In trying to find the ?truth? both authors take different approaches. In Cold Blood is written in the voice of an omniscient narrator. ?Capote was drawn to the Clutter killings by reading a headline in a newspaper of a killing in Holcomb, Kansas of four family members? (Stephen Harris December 1999) and wanted to find out more than what could be transmitted through news media, he wanted to really investigate talk to the people and find the truth. Capote rarely alludes the reader to himself, and the investigative lengths he went to, to get the story. Capote is able to go into such detail due to these investigations. We are told in the, ?Acknowledgments?, that, ?All the material in this book not derived from my own observation is either taken from official records or is the result of interviews with the persons directly concerned? (Page 9). In Cold Blood is told as a life narrative not as a traditional factual account. Capote has added depth by using the narrator and realistic imagery as a filler between real factual evidence, documents, newspaper articles and interviews.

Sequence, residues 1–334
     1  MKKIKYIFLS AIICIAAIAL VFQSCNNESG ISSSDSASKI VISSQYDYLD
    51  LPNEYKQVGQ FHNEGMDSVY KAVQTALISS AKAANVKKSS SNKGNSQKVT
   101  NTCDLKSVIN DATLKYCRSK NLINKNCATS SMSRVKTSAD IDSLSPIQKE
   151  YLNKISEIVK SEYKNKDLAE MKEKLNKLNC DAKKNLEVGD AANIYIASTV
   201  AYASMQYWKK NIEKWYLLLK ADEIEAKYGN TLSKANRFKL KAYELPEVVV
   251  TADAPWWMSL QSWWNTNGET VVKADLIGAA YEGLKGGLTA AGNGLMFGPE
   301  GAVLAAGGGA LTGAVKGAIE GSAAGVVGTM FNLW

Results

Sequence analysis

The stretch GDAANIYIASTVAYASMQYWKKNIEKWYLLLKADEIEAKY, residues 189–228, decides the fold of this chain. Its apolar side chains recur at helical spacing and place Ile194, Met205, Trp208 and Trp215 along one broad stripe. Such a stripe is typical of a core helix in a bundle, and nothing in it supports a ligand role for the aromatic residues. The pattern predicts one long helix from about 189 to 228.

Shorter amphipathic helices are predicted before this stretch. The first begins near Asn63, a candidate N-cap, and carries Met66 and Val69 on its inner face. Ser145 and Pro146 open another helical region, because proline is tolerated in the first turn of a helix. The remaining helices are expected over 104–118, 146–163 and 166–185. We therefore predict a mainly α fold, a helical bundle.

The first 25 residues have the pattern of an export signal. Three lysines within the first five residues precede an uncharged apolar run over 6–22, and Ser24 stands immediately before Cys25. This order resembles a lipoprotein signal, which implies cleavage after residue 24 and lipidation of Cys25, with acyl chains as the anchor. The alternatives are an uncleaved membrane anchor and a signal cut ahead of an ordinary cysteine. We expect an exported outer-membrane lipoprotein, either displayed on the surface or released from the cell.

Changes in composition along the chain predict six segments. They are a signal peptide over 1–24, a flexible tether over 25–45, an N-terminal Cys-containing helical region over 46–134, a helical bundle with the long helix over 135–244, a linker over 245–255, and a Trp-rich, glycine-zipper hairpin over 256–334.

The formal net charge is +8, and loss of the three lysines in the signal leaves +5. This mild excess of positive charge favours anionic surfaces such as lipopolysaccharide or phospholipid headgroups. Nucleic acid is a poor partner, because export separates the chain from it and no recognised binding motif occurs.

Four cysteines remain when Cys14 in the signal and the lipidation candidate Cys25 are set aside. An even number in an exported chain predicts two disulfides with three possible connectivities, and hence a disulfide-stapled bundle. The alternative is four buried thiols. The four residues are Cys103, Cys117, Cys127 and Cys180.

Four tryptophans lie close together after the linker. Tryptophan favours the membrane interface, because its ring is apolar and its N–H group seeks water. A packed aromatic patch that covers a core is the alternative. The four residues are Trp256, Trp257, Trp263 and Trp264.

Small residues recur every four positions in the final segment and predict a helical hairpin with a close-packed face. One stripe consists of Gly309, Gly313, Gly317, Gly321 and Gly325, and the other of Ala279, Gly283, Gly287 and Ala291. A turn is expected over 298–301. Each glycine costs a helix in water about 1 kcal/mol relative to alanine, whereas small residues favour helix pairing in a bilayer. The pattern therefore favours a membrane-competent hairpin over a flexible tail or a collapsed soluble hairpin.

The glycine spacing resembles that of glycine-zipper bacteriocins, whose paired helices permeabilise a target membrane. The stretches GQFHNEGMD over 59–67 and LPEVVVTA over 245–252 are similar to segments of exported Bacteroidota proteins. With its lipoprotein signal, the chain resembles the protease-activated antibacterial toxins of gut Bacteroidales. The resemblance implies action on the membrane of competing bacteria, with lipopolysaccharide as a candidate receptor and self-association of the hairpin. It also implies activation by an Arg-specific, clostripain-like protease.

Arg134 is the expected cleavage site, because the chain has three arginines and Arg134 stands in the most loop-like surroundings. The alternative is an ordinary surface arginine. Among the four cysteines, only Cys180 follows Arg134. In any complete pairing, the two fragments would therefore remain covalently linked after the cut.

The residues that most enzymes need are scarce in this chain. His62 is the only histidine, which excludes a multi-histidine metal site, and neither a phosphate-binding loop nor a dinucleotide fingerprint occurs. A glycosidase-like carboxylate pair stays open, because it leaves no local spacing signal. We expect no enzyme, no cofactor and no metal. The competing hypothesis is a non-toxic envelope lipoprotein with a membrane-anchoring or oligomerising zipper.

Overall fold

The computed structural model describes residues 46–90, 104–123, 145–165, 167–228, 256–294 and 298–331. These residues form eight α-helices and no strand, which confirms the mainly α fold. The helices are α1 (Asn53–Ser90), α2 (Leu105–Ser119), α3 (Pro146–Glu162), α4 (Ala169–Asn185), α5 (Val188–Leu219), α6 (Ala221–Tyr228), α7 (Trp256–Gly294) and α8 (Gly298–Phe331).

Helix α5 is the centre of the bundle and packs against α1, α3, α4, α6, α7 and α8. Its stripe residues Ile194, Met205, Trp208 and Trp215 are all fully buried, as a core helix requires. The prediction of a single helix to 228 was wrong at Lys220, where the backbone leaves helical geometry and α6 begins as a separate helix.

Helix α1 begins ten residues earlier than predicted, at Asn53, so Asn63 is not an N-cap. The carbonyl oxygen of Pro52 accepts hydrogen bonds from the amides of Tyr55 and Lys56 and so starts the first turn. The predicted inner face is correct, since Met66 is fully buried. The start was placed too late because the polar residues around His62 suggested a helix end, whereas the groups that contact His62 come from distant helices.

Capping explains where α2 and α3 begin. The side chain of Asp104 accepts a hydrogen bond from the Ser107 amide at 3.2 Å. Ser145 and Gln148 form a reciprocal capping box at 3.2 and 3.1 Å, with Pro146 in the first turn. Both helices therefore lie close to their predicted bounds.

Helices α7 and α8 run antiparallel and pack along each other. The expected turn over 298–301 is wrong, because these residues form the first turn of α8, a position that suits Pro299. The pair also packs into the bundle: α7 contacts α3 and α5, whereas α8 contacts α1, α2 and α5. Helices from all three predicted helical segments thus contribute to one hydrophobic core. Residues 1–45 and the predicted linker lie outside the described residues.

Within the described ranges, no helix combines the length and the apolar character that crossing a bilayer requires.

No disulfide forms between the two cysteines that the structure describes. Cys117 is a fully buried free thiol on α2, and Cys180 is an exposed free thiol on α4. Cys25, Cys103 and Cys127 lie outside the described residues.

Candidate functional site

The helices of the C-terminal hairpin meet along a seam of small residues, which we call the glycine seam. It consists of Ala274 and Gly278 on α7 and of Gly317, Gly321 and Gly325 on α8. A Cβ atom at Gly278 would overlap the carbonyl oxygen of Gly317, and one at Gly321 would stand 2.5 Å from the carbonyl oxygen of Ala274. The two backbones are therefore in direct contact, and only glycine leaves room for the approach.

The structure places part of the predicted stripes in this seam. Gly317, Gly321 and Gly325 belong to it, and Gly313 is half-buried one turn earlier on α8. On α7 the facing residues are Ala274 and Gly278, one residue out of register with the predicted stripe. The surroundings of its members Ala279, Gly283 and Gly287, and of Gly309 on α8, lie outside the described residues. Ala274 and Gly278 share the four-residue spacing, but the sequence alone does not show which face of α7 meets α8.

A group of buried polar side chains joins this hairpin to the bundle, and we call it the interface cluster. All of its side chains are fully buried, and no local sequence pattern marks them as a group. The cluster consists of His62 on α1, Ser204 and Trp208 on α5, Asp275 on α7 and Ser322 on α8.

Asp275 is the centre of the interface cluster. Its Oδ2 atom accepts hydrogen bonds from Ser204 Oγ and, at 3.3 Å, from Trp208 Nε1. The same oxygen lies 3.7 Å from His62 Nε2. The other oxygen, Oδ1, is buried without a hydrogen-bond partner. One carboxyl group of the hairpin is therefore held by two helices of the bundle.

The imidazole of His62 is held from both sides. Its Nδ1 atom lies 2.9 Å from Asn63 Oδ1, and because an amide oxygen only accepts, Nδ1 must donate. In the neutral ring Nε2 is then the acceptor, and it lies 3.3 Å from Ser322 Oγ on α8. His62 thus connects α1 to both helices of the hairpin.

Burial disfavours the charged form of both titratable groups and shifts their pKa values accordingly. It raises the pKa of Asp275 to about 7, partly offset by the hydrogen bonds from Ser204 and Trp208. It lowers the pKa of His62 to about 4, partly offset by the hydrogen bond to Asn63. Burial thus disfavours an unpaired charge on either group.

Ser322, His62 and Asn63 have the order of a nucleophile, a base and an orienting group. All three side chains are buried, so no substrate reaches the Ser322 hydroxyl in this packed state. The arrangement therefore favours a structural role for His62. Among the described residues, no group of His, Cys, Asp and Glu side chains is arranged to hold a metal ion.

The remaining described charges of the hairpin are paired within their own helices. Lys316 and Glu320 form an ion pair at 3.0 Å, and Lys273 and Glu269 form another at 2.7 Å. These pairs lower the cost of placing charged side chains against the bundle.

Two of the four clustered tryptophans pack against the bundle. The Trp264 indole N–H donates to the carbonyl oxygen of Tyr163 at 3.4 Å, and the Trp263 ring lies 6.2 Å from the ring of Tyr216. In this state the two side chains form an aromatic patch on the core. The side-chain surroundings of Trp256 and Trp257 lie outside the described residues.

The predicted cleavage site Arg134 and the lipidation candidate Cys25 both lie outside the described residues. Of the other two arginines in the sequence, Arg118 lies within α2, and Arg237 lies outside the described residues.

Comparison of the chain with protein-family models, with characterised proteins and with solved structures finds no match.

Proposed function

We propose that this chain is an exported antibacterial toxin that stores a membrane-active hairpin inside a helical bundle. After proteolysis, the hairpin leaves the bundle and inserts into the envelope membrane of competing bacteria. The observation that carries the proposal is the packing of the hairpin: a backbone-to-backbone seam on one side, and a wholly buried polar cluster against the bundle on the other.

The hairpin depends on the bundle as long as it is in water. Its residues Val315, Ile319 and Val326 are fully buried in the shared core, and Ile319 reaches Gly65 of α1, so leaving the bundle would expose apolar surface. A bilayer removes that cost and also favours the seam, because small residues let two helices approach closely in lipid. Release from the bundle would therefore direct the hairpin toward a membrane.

The Waterworks is a fictional novel. Doctorow uses the character McIlvaine, a newspaper Editor of the New York Telegraph, to tell the story through the technique of realistic reportage of Martain Pemberton?s disappearance, Martian Pemberton?s fathers reappearance and a greater social evil. McIlvaine is always questioning his journalistic morals, he defines journalism as, ?the cheapest commonest realm, the realm of newsprint. My realm.(Page 8). MacIlvine constantly questions his own objectiveness towards the story of the Pemberton family, ?Did that mean I found myself prepared to put the interest of the story ahead of the lives of the people involved in it?? (Page 200),. The conflict within McIlvaine seems true but there is no real conflict as this is a work of fiction. When McIlvaine puts himself across as a credible narrator the reader is able to better accept the rest of the story he is telling. Despite this in The Waterworks there are many devices used to make the book seem real or truthful. These will be explained latter.